How Do I Examine My Breasts?
There are a few options for how to give yourself a breast self-exam. For all of these, it’s best to do it a few days after you end your period, when your breasts aren’t as tender or lumpy. (Sidenote: If you have breast implants, it can be difficult to feel differences in your breasts. If this is you, ask your doctor to show you how to feel for the edge of your implant, so you can tell the difference between that edge and any changes in your breasts.)
The Mirror Method
If you like checking yourself out, this is a great option for you. The first step of this method is to find a mirror that fits your whole torso. You look great! OK, now put your arms down against your sides and check out your breasts. Then, raise your arms high above your head. Next, put your palms on your hips and push down, so that you’re flexing your chest muscles. Finally, bend forward and check your breasts from the front view. For all of these steps, pay special attention to any differences between your two breasts, as well as any changes from the last time you did your exam.
The Lying Down Method
If you’re less of a looker and more of a lounger, you can do your self-exam in bed. Lying down is great because your breast tissue spreads out evenly across your body. For this method, you’ll need a pillow. Pick a side to start with, and put your pillow under that shoulder, and put that arm behind your head. Using your opposite hand, push gently on the breast of the side you’ve chosen, moving across your entire breast and armpit. It’s easy to start at the nipple and go out in concentric circles, but really, you can use any design you want as long as you cover the whole area. Also squeeze your nipple to make sure there's no abnormal discharge. Then do the same for the other side. Make sure to use light, medium, and firm pressure when you do this so that you really feel the whole three-dimensional space of your breast.
The Shower Method
For those of us who like long showers or are super utilitarian, you can do your breast exam in the shower! Some people have found that it’s easier to feel lumps when their skin is wet. For this method, first get in the shower (thanks Captain Obvious) and soap up. Raise one arm above your head and use the other arm to check the breast attached to the raised arms. Like in the lying down method, you’ll want to check out the entire surface of your breast and armpit, in whatever design suits your fancy, you unique snowflake you.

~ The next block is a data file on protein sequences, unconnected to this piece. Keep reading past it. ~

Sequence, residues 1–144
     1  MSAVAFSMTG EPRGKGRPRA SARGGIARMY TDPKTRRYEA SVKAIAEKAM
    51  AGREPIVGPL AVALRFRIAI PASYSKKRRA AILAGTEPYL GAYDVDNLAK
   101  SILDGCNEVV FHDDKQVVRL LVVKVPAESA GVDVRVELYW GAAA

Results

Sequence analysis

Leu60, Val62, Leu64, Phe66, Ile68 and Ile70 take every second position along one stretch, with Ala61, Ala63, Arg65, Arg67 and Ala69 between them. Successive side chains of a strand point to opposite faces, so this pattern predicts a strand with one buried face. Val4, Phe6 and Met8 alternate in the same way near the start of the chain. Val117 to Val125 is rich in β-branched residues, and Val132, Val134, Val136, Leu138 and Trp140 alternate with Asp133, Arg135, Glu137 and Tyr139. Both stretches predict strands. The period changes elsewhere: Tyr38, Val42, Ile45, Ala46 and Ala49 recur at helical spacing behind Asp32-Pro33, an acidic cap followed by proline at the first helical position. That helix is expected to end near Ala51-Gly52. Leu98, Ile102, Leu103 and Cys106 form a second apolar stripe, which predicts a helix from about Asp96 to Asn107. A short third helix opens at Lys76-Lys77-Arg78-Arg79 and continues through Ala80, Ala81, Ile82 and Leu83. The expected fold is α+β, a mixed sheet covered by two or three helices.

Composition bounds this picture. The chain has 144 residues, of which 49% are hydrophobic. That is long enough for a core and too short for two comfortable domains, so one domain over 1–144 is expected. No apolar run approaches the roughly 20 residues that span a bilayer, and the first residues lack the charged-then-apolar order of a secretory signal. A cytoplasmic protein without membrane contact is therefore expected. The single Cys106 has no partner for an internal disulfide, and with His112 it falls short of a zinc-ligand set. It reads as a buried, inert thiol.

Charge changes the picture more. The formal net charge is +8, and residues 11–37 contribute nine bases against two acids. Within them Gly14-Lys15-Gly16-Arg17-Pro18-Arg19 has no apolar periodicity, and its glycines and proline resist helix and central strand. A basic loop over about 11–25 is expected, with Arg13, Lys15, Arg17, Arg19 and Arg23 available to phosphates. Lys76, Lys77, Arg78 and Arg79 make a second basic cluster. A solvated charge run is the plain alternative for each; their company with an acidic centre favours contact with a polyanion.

What Am I Looking For?
For all of these breast self-exam options, you’re looking for lumps or changes to your breasts. Changes in your nipples can include tenderness; differences in the way they look, like depression (no not sadness, if they are pushed in), and scaly, red, or rashy skin; or if you see any discharge. Changes in your breasts can include lumps; changes in size and shape; any dimples or puckers in your breast skin; pain in any one part of your breast; red, scaly, itchy, or warm skin; or a hard lump or knot in the breast or in your armpit.
When Should I Panic?
Breast cancer (or any cancer really) is definitely really scary, and so any indication that you have it can send you into a full blown freak-out. But it’s important to remember that these are all potential indications of breast cancer, not 100 percent sure signs that you have it. There are a number of different reasons why these symptoms can be happening — for example, hormonal birth control can make your breasts bigger, and your breasts can get sunburned just like the rest of your skin, causing redness.
In fact, most problems you can have in your breasts aren’t caused by breast cancer. If you notice a change in one breast, check the other one. If the same lump is in the same area in the other breast, both breasts are probably fine. And even if you do find a lump, it’s not necessarily cancer. Eight out of every ten lumps found in breasts aren’t cancerous.
Overall, if you do find any change, don’t immediately panic. Go to your doctor to get further tests. She will tell you when to freak out — that’s her job.
The Bottom Line
The truth is, breast cancer is scary. There’s no way around it. But the good news is that you now have the tools you need to catch it early, when it’s waaaay less scary. Self-exams are easy to perform on yourself, and are just as easy to teach someone else. Have a friend (or lover) help you out! And once you do, at yourself on the back (or breast) — you’re supporting your health!
Images: Gloria Bell/Flickr, Giphy